If so, then exactly how many people who try to go through this already expensive procedure could afford to pay the 'rent' required for me to keep them on ic forever?
Oh, I see.
Its OK to kill these 'babies' so long as you get to really have one. So murder is OK so long as you benefit.

Its not the Pro Life concept that bothers me so much.
Its the hypocracy.


Richard said...

For many years, religious beliefs were used to support the idea that blacks are not human.

Curiously enough, science was also used to support this belief. Especially in the 19th century, biologists were searching, frantically, for ways to prove that blacks were inferior to whites. And these weren't fringe scientist, but people firmly in the mainstream.

Check out this book for details.

And, oddly enough, most of the counter-racists in US history - eg, abolitionists prior to and during the civil war and civil rights leaders in the 50s and 60s - were motivated by religion.

But who would minimize the importance of science by saying something like "For may years, scientific beliefs were used to support the idea that blacks were inferior to whites"? Not too many people. I certainly wouldn't.

moleboy said...

my point was (and you know it was) that we can take whatever beliefs we have and twist them to whatever ends we want.
And that we do the best we can.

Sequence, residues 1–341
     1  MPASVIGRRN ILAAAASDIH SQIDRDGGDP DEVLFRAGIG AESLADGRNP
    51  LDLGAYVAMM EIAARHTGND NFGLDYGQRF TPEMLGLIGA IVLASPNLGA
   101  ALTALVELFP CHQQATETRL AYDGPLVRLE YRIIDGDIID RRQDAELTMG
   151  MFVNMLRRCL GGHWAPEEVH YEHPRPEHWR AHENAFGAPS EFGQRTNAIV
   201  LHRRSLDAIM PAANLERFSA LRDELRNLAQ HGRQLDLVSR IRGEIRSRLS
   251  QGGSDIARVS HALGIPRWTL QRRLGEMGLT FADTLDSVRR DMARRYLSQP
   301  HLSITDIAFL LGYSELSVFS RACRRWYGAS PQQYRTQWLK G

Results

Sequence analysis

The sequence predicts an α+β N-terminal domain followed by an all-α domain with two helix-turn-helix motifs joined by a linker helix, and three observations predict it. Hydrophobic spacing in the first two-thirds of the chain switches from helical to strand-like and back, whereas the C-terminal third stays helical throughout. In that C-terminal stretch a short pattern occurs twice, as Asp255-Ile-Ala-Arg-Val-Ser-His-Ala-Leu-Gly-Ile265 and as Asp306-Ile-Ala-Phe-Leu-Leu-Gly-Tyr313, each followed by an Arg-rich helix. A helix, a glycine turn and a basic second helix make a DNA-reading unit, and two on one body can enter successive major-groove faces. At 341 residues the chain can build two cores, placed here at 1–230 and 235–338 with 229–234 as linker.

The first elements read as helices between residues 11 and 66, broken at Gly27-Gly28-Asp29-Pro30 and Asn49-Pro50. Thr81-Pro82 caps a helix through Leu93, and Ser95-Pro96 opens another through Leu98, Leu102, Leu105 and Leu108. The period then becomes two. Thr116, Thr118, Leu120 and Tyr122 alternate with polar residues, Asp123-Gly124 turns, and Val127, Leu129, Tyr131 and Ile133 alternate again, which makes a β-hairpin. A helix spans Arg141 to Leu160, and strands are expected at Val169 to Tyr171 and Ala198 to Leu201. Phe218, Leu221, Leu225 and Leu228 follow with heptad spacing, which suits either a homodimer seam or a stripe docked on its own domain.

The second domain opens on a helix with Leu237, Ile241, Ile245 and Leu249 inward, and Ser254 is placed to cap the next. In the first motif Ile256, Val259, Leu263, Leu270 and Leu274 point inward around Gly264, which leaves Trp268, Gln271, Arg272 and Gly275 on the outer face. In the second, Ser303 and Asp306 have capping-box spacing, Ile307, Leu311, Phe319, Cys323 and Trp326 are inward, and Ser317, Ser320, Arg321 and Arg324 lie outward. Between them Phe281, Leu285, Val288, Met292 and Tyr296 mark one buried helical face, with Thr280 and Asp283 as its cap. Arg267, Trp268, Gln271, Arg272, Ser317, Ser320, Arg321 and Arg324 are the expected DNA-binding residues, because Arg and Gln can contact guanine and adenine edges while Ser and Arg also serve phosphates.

And that we can't allow a person's personal beliefs to get in the way of health care. I don't believe this would even be a discussion if I, say, oepned a pharmacy and decided that my religion prohibited anti-depressants and I decided to nor hand them out to patients. Or, better yet, I belonged to one of those groups who are against medicine in general.
The only reason that this is even discussed is because it appears to involve abortion (which is an erroneous belief)

I actually meant to post a follow up saying something along the lines of how political beliefs can cause the same issue, as well as philosophical ones.
The end result si that when you take on a job and responsibilities, you sometimes have to shurg off your own personal feelings.
For example, if I worked at Burger King, I wouldn't be allowed to stay on if I became a vegetarian and refused to serve meat.